Books: Surviving the unthinkable

For the first time in English, Ernst Israel Bornstein relates his horrific experiences in the Holocaust – and how he rebuilt his life.

Ernst Israel Bornstein and his family in Strasbourg, France, in 1976 (photo credit: Courtesy)
Ernst Israel Bornstein and his family in Strasbourg, France, in 1976
(photo credit: Courtesy)
Holocaust memoirs attempt to do the impossible: Describe the indescribable.
Even the most graphically written narrative cannot adequately depict the cruel and wretched conditions experienced by victims of the Nazi reign of terror.
The Long Night, originally written in German in 1967 and now co-translated into English by the author’s daughter, does its best to convey in astonishing detail the fear, humiliation, exhaustion, pain, cold, hunger and thirst – and, remarkably, the will to go on – of a young man who endured more than four years of slave labor, death marches, torture and starvation in no fewer than seven concentration camps.
Born in 1922, Ernst Israel Bornstein was 19 when his hellish odyssey began.
After liberation, half-dead himself, he confirmed that his parents and two of his three siblings had perished. He physically recovered, settled in Munich and earned medical and dental degrees, became a successful oral surgeon, married and fathered three children. Tragically, he died a few months shy of his 56th birthday.
In his introduction, Bornstein explains two motivations for penning his story: First, to answer the oft-posed question of how large masses of people could be led to slaughter seemingly without a fight.
“This account should enable the reader to feel the situation in which the Jews found themselves and to understand their responses,” he writes.
Secondly, Bornstein hoped to assist clinicians in understanding the “unprecedented psychological and social profile” of Holocaust survivors.
“Although many survivors seem to be very much part of life and achieve successes, they have remained psychologically sick people. Their present life is burdened by their past and no success can compensate for their horrific experiences,” he wrote. “The years of fear and oppression left behind damage to the psyche that is just as irreparable as damage to the gray matter of the brain.”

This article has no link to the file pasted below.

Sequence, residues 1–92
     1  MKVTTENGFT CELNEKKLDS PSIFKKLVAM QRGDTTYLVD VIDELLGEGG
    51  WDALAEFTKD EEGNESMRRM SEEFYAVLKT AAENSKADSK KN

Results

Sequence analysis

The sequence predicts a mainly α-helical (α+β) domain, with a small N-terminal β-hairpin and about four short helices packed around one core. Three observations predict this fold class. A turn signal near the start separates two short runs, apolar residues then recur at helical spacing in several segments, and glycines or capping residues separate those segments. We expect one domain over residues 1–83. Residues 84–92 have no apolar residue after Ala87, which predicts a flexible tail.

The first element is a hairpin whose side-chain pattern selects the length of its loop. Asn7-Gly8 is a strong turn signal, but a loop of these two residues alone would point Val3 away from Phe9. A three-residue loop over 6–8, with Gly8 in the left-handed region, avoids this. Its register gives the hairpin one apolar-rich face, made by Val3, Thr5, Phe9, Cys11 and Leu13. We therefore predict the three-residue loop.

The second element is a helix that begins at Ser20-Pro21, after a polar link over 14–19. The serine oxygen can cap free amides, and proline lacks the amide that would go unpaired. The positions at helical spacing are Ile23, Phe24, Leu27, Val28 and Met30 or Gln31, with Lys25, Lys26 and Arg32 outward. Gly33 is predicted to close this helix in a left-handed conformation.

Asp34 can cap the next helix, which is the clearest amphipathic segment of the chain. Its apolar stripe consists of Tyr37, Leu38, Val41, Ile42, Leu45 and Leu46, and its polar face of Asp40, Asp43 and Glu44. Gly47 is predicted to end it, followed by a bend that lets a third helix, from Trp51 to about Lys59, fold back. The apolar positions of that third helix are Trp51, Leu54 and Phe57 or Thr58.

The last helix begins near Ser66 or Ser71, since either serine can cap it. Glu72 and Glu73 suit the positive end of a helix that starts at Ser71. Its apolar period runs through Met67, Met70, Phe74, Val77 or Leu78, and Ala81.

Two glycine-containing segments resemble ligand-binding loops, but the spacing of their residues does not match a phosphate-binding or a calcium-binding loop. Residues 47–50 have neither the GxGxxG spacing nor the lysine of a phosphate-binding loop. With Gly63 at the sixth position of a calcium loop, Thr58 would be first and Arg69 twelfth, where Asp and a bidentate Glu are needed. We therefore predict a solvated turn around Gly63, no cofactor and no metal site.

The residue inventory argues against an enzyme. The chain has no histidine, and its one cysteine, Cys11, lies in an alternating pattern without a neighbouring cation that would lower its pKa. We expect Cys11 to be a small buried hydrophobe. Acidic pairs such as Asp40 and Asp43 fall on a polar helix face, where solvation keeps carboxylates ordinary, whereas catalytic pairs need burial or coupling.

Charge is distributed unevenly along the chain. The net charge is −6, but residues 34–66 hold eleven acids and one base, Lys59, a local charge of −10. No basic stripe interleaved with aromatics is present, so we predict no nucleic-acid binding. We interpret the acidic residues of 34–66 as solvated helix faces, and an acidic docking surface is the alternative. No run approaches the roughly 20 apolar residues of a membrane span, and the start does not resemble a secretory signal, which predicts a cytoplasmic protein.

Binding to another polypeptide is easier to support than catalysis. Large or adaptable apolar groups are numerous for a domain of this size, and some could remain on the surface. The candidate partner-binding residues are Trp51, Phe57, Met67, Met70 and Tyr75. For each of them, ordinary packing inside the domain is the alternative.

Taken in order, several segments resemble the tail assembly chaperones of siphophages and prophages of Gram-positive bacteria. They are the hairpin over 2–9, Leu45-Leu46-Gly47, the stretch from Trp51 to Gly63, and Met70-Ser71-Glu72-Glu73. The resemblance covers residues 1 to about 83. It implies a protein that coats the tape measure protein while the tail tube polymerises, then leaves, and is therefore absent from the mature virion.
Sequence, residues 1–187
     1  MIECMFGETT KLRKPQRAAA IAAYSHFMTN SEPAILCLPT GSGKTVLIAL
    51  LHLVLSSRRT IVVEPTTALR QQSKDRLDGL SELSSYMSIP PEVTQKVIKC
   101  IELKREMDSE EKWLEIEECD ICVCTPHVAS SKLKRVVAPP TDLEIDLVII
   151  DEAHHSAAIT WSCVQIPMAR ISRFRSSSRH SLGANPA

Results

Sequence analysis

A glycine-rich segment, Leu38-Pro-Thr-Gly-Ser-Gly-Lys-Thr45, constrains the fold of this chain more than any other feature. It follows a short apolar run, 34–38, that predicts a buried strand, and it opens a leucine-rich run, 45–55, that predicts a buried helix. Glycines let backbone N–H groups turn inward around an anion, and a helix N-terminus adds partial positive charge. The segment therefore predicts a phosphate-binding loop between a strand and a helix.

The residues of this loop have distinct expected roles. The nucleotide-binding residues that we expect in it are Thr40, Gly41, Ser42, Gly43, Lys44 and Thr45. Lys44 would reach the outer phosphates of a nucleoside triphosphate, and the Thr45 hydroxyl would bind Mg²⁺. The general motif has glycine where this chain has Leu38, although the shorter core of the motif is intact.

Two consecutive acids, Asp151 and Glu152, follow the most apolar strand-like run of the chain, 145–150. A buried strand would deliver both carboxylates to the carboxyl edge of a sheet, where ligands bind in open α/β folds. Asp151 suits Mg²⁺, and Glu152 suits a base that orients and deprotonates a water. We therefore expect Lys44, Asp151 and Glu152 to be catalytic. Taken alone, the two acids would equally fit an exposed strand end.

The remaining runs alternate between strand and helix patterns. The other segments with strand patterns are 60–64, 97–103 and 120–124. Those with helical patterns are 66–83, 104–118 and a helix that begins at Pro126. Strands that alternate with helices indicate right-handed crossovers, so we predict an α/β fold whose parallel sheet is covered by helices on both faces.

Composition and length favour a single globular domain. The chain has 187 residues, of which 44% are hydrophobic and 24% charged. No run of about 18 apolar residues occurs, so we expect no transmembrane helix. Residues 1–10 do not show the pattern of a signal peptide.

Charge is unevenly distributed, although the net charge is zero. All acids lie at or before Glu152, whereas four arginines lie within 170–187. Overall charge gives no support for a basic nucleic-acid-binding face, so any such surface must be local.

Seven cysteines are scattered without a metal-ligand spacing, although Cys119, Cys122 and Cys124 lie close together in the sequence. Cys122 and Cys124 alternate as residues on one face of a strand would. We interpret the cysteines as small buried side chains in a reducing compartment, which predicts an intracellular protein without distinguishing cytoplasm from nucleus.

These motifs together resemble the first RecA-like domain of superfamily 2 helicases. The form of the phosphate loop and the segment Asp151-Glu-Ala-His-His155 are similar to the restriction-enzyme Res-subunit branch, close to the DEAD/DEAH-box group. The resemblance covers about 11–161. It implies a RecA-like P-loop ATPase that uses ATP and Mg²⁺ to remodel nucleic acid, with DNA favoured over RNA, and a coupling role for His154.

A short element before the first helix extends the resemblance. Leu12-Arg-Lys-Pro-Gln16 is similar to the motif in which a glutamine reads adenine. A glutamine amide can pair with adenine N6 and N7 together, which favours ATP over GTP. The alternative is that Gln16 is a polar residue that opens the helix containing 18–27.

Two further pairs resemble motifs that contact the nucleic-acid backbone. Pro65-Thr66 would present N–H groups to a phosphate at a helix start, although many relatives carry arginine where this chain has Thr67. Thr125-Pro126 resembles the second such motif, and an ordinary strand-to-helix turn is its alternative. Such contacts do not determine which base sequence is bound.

Bornstein realized early on that surviving necessitated making himself as invisible as possible. Those prisoners unfortunate enough to stand out – whether for defiance or weakness, “stealing” a crust of bread or just being in the wrong place at the wrong time – were beaten, shot or set upon by vicious dogs.
“In order to survive in this inferno I had to be totally inconspicuous, to extinguish my identity and lose myself amongst the protection of the faceless masses.”
Inevitably, however, there were times when he, too, was beaten mercilessly for some imaginary infraction – often by the Jewish kapos, many of whom tried to outdo their captors for sheer sadism.
One of the most heartbreaking yet inspiring scenes in the book is his recollection of receiving the last letter from his parents while serving as an electrician in the Markstadt slave-labor camp in Germany.
They wrote that they were about to be transported, probably to Auschwitz.
Young Bornstein sobbed for hours, plunging into deep despair.
“Nonetheless, after some time I felt the will to live reawaken in me. I spent hours in solitude, agonizing over my memories of parents, home and a happy childhood.
In my mind I could clearly hear my father urging me to carry on.... It was as if my parents’ deepest desire was that I should remain alive and survive my ordeal.... The wish to survive did not arise from logic, but instead from a yearning for life and freedom.”
Another poignant scenario was Yom Kippur 1943, shortly before the forced march from Markstadt. Work had halted due to torrential rain, and Bornstein and a few friends sought shelter in a dark hut where a small group of men were praying from memory. They turned to him and his friends to help them make a quorum.
“We could see how fervently these men prayed, but we were also overwhelmed by feelings of disappointment and bitterness about God and religion,” he wrote. “We were torn by the paradox. Our hearts were full of bitterness and uncried tears. We discovered it was impossible for us to recite the psalms and prayers.”
And yet: “Tearfully and with a quivering voice, we imperceptibly joined in the prayers of the faithful.... Our tiredness and hunger evaporated, our protests and resistance were forgotten. The heartrending sounds of our prayers and sobs merged with the loud drumming of the rain and the howling noise of the storm.”
In 1944, now in the Fünfteichen camp – under conditions even worse than Markstadt – he observed that most of his fellow prisoners had crossed an unimaginable threshold.
“We had ceased to be human, in the true sense of the word, long ago. We were instruments of skin and bones, which, more or less day in day out, fluently worked to a schedule which had been drilled into us.... Only the air-raid alarms tore us from our lethargy.”
Bornstein’s riveting and painful account of those nightmarish years is a valuable contribution to the corpus of Holocaust memoirs. The Long Night should serve as a reminder to readers that those who survived, and those who did not, are not forgotten.